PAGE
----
Skip to content
Home » Three North East Universities Secure £22.5m Funding To Collaborate On Pioneering Projects

Three North East Universities Secure £22.5m Funding To Collaborate On Pioneering Projects

Experts at three North East universities are set to work together on two pioneering research projects, after securing funding worth a combined £22.5m.

Newcastle University will lead a new £11m centre for doctoral training (CDT) to produce future leaders for Net Zero process industries, in a collaboration involving University of York and more than 25 industrial partners. Meanwhile, an award of £5.3m from the Engineering and Physical Sciences Research Council will see Northumbria, Newcastle and Durham Universities further develop ReNU, their successful CDT in renewable energies which was formed five years ago.

Contributions from partner universities and companies has topped up the fund to almost £11.5m. The two CDT schemes form part of a £1bn-plus cash pot announced by Science, Innovation and Technology Secretary Michelle Donelan into 65 Engineering and Physical Sciences Research Council (EPSRC) training centres.

Read more: Nigel Wright recruitment group launches New York office after turnover tops £26m Go here for more North East business news Newcastle University will deliver a four-year training programme involving industrial research projects and sustainability, business, and digital skills. The programme is designed to produce 55 PhD graduates with world-leading expertise in process intensification and green chemistry, as part of the £11m Process Industries: Net Zero (PINZ) Centre for Doctoral Training.

The researchers will help the pharmaceuticals, food and beverage, chemicals, and utilities sectors to move to more sustainable practices.

Matthew Grenby, pro-vice chancellor for research and innovation at Newcastle University, said: “The transition to net zero is one of the great challenges of our age, and we are delighted that universities like ours will be able to lead the response on the back of this announcement. This CDT is a perfect example of how we can do it, training the next generation of scientists and engineers, and collaborating directly with partners in industry.”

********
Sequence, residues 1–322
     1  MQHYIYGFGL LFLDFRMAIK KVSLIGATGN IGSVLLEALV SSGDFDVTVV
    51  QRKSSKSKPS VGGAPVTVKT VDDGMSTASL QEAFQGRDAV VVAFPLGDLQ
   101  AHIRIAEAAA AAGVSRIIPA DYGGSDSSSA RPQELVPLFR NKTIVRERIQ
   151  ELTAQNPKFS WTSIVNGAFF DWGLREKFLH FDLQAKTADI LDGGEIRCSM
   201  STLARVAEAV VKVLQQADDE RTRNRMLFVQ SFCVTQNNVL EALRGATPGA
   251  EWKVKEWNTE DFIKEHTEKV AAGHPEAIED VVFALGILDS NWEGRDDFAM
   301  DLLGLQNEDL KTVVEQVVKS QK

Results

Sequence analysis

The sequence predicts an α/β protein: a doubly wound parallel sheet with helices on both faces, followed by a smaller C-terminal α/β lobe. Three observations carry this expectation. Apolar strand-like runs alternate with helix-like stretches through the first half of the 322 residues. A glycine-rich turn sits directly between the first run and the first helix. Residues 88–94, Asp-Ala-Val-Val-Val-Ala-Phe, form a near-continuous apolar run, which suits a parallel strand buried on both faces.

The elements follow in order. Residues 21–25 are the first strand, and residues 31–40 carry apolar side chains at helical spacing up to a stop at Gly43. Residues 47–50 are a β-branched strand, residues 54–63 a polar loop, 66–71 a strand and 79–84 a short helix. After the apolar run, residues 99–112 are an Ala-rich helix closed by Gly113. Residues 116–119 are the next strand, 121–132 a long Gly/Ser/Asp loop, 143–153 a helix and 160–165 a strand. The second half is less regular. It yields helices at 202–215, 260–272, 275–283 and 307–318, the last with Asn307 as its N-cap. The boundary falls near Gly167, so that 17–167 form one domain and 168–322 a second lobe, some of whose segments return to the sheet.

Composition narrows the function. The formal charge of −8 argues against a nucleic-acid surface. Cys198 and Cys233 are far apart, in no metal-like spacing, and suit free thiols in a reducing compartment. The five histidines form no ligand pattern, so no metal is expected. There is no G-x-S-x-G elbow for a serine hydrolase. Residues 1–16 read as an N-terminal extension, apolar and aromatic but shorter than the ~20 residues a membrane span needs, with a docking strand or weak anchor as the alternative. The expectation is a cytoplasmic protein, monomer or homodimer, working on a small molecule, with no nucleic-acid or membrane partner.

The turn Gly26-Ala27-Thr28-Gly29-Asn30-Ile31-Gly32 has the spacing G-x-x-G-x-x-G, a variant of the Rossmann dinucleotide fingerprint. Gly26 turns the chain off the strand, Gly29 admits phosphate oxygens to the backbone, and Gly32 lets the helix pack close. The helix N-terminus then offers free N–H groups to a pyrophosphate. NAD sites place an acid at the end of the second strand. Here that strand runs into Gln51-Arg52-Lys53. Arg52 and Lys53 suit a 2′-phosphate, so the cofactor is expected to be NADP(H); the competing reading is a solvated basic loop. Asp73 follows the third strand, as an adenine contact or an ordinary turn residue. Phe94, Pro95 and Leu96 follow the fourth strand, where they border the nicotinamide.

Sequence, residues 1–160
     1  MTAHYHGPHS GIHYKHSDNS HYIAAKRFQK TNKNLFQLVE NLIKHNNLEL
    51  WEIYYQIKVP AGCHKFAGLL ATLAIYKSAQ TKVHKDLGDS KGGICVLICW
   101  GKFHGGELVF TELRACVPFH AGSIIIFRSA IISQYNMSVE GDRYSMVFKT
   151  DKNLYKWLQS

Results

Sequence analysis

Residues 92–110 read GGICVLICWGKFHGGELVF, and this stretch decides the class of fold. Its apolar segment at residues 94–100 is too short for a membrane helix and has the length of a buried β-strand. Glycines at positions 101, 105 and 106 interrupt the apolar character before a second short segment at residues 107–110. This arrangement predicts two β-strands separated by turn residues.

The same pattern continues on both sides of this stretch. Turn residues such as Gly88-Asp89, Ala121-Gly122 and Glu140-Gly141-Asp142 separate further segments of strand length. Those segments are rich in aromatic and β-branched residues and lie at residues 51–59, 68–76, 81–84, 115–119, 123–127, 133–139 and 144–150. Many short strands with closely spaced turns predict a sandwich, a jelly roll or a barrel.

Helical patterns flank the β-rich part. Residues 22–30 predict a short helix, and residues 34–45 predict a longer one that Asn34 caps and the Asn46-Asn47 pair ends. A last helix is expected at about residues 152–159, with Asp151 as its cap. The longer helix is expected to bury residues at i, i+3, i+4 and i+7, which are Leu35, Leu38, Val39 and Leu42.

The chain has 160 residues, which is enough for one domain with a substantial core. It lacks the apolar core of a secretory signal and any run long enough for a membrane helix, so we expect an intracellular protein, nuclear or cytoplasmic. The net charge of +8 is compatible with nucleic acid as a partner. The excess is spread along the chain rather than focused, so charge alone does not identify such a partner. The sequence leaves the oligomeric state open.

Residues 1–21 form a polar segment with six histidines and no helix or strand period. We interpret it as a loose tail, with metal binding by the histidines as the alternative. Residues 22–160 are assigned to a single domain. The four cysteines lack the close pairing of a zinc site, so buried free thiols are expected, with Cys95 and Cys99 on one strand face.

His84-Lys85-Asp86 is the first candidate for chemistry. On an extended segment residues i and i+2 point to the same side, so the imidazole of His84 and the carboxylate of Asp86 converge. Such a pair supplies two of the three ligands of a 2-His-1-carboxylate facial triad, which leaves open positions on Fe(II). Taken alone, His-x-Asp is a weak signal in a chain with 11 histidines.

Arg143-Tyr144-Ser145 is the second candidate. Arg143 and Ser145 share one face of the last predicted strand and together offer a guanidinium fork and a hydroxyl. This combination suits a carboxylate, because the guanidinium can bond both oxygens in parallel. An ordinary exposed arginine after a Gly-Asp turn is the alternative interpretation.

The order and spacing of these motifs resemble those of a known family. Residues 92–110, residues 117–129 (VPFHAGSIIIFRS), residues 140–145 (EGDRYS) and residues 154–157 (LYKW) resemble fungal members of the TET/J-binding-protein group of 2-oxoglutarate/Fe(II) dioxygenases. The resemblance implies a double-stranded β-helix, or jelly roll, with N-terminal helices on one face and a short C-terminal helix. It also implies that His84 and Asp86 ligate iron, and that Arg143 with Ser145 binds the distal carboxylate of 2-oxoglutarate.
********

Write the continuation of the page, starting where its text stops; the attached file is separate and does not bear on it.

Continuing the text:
The investment will allow industry partners, such as the North East of England Process Industry Cluster (NEPIC), Procter & Gamble, SSE, Nestle and Northumbrian Water to benefit from collaborating with North East academics. A key focus for the CDT will be technology transfer from laboratory to industry.

In the second funding award, Northumbria University, along with Newcastle University and Durham University, will expand its work in advance renewable energy technologies and include people from under-represented groups and non-traditional educational backgrounds.

The funding will create ReNU+ – the ESPRC Centre for Doctoral Training in Renewable Energy Northeast Universities Plus – which will be distinct from other areas of renewable energy research because of its emphasis on equality, diversity and inclusion, and its partnerships with local government, industry and charities. The centre will widen access to doctoral level training, to encourage those are unemployed or disabled, carers and military veterans to train as doctoral carbon champions.

Prof Andy Long, vice-chancellor and chief executive of Northumbria University said: “Social mobility and widening access are embedded in Northumbria University’s mission. We need to make much more of our country’s existing talent pools through reskilling, upskilling and training.

“With almost 700,000 new jobs forecast in the UK in the low carbon and renewable energy economy, it is vital that we work to create future leaders for this sector, and it is even more important that these leaders come from diverse and inclusive backgrounds to ensure our transition to a low carbon economy is equitable and sustainable. We are delighted to be working in partnership with the universities of Durham and Newcastle, and with industry and local government across the North East region, in this hugely important area of research.”

Newcastle University will also collaborate with Cranfield and Sheffield University to give 60 students with the skills needed to help create a more water-secure world. WIRe II is a collaboration involving the three universities to give students access to world-leading experimental water facilities.

Overall, the 65 UK CDTs will train and support more than 4,000 doctoral students in areas including AI, quantum technologies, semiconductors, telecoms and engineering biology.

Story Saved

You can find this story in My Bookmarks.Or by navigating to the user icon in the top right.